Giving full prescription drug coverage to patients in the U.S. who experienced a first MI could save almost $2 billion annually over their lifetime, an analysis of MI FREEE found. Although only one carrier served patients in the trial, the results could apply to other payers as well, the lead researcher said.
“It should be very generalizable to, at the very least, a broad selection of commercially insured patients with acute coronary syndrome,” said Niteesh K. Choudhry, MD, PhD, executive director of the Center for Healthcare Delivery Sciences at Brigham and Women’s Hospital in Boston and lead author of the paper published online May 5 in Circulation: Cardiovascular Quality and Outcomes.
MI FREEE (Post Myocardial Infarction Free Rx Event and Economic Evaluation) was a pragmatic cluster-randomized policy trial that evaluated whether removing financial barriers to evidence-based therapies improved adherence and outcomes in patients after an MI. It also looked at costs. The primary outcome was a first major vascular event or revascularization.
The study randomized patients covered under Aetna to receive full coverage or shoulder monthly copays for statins, beta-blockers, ACE inhibitors and ARBs. After a median follow-up of 394 days, adherence was higher in the full coverage group by 4 to 6 percentage points compared with the standard coverage group. The rates of a first major vascular event and total major vascularization or revascularization were lower with full coverage, but there was no difference between groups in the primary outcome.
Expenditures in the fully covered group were $66,008 vs. $71,778 with standard coverage, and patients in the fully covered group paid 26 percent less in overall out-of-pocket costs compared with the control group.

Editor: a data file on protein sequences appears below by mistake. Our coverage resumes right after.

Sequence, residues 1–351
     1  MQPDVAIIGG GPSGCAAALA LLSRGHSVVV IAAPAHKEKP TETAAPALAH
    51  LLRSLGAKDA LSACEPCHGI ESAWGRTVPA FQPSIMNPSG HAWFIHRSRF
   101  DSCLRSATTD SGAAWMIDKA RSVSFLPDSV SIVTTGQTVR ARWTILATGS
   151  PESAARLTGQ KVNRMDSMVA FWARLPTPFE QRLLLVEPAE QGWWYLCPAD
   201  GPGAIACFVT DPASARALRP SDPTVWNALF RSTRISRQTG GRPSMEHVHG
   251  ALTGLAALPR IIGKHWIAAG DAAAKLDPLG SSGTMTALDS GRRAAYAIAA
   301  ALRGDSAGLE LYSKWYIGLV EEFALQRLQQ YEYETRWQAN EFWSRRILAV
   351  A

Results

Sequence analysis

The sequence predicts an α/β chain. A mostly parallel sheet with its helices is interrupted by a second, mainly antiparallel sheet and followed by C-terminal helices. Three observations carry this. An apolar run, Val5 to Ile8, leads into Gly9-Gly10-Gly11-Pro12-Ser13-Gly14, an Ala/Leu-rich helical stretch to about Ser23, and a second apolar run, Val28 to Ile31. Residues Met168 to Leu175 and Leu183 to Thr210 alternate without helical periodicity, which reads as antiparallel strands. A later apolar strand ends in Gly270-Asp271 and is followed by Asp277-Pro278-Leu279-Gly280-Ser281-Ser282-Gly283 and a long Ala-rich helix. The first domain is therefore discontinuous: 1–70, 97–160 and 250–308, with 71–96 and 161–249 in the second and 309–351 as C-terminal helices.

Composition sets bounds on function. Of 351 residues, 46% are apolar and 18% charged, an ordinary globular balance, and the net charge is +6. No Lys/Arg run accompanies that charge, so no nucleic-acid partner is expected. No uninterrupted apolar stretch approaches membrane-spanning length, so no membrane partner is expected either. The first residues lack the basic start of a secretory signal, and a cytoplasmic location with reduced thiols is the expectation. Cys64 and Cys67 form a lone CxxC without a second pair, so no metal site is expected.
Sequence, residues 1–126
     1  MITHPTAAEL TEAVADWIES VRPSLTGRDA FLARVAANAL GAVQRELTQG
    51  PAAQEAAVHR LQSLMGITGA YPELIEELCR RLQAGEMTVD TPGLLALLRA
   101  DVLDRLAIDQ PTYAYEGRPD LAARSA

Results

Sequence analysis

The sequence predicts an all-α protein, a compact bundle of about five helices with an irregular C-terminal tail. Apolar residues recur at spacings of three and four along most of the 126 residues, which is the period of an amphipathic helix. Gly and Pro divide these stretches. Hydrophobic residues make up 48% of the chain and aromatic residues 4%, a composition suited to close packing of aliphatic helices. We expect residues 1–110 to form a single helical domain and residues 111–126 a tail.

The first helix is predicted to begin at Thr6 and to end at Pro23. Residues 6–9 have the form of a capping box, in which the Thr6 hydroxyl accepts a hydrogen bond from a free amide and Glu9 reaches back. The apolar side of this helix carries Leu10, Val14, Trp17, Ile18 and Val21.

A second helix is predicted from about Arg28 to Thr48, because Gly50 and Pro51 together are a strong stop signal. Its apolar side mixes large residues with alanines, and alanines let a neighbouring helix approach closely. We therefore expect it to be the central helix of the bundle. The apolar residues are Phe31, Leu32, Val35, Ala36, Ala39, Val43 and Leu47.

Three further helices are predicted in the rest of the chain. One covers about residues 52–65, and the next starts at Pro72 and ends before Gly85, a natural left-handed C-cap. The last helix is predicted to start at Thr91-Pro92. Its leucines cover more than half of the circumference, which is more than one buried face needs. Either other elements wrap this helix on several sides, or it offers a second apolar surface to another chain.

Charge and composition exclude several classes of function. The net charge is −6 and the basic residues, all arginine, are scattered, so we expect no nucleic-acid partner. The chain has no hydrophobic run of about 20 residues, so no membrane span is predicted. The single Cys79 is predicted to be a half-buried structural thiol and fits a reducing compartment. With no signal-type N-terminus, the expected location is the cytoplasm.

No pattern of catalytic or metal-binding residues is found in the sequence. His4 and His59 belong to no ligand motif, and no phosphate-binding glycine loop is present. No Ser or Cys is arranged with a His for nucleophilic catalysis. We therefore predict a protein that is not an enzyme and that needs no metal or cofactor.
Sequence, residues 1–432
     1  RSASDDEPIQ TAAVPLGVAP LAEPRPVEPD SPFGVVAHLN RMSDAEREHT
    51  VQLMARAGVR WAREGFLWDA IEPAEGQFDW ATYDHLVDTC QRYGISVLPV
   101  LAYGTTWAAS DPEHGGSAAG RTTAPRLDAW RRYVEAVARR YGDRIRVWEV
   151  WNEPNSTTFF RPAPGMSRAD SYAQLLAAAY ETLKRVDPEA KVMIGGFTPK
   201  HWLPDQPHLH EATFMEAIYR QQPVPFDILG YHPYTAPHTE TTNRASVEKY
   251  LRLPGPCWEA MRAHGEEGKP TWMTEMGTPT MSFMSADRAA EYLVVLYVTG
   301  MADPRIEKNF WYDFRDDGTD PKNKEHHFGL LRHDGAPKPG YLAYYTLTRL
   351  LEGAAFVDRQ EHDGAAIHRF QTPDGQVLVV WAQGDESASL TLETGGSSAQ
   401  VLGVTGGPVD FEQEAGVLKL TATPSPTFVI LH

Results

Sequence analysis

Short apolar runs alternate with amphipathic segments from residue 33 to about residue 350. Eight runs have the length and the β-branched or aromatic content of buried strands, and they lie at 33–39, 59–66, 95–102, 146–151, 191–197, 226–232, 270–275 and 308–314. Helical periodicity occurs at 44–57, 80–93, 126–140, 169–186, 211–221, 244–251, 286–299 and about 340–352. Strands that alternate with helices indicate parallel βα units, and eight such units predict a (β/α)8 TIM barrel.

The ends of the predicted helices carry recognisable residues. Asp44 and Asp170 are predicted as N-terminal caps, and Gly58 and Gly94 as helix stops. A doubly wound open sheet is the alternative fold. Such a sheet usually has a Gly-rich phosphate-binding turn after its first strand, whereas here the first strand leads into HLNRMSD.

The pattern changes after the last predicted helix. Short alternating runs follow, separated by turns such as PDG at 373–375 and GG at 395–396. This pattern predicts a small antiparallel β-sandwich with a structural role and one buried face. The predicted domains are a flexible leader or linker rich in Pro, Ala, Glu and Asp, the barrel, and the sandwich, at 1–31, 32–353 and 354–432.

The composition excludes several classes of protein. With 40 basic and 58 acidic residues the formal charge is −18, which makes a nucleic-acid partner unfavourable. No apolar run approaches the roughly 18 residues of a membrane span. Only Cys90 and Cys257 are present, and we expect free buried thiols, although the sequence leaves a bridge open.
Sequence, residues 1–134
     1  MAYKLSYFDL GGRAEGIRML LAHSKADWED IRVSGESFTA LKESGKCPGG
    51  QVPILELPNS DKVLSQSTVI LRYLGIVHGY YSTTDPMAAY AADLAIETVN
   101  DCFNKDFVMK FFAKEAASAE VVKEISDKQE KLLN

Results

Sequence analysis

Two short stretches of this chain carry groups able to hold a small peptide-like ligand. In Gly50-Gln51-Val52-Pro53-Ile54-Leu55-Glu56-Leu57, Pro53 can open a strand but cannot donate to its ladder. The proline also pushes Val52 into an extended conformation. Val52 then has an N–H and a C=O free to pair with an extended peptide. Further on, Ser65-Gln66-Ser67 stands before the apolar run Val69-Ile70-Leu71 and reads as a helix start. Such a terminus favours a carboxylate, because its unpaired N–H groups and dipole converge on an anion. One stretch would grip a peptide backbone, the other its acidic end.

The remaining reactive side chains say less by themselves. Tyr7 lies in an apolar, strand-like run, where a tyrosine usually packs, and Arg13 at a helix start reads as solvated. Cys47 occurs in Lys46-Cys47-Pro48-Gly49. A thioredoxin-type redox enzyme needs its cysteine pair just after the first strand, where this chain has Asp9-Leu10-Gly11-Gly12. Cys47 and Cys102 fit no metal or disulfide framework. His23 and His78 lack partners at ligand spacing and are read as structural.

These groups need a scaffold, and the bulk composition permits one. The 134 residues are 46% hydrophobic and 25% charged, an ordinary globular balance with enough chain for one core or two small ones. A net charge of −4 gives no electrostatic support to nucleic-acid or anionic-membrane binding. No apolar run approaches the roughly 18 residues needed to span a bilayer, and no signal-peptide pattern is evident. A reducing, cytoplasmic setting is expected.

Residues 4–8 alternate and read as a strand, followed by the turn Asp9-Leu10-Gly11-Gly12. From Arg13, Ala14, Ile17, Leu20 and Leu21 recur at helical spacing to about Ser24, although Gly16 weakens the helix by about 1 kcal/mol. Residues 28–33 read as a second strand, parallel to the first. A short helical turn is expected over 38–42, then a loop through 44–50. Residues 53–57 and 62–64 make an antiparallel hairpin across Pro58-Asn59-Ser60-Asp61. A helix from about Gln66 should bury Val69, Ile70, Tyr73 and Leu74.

In the most recent analysis, Choudhry and colleagues used a Markov model to explore the cost-effectiveness of full coverage over a long term. The model assumed the benefit of full coverage that was demonstrated in MI FREEE remained constant for five years, decreased over the next five years and then provided no added benefit but continued cost for the rest of the patient’s lifetime.
“When we do these kinds of analyses we set up the models to be purposefully conservative,” he said. “We certainly don’t want to oversell a result; our goal is to get the truth. Even when we stacked the deck, these are the results we get.”
They found that patients with full coverage had 9.6 quality-adjusted life years (QALY) and lifetime costs of $167,401 vs. 9.46 QALY and lifetime costs of $171,412 with standard coverage. Applying the cost reduction of $4,011 to the annual number of Americans expected to have a first MI totaled $2 billion over the patient’s lifetime.
Even in sensitivity analyses that put full payment through the wringer, it remained cost-effective, meeting a willingness to pay threshold of $100,000 in 88 percent of cases.
One challenge with this approach is that the insurer incurs immediate costs for a benefit that it may never see if the patient later changes carriers or transitions to Medicare. Choudhry pointed out that based on MI FREEE results, Aetna recognized that even the short-term cost saving made a full payment model worthwhile and initiated a program.
“You can make a business case in the short run,” he said.
The average age in MI FREEE was 54, but the patients otherwise had a similar demographic profile to traditional MI patient cohorts, Choudhry said. “Making the case for Medicare may be a little bit different,” he agreed. Cost of care for older patients may be higher but their event rates are higher, too, “so the benefit may be greater. Those two things probably trade off each other.”
Still, once patients are old enough to enter Medicare, they remain a beneficiary for life. “If there is any payer that has an incentive, it is Medicare,” he said.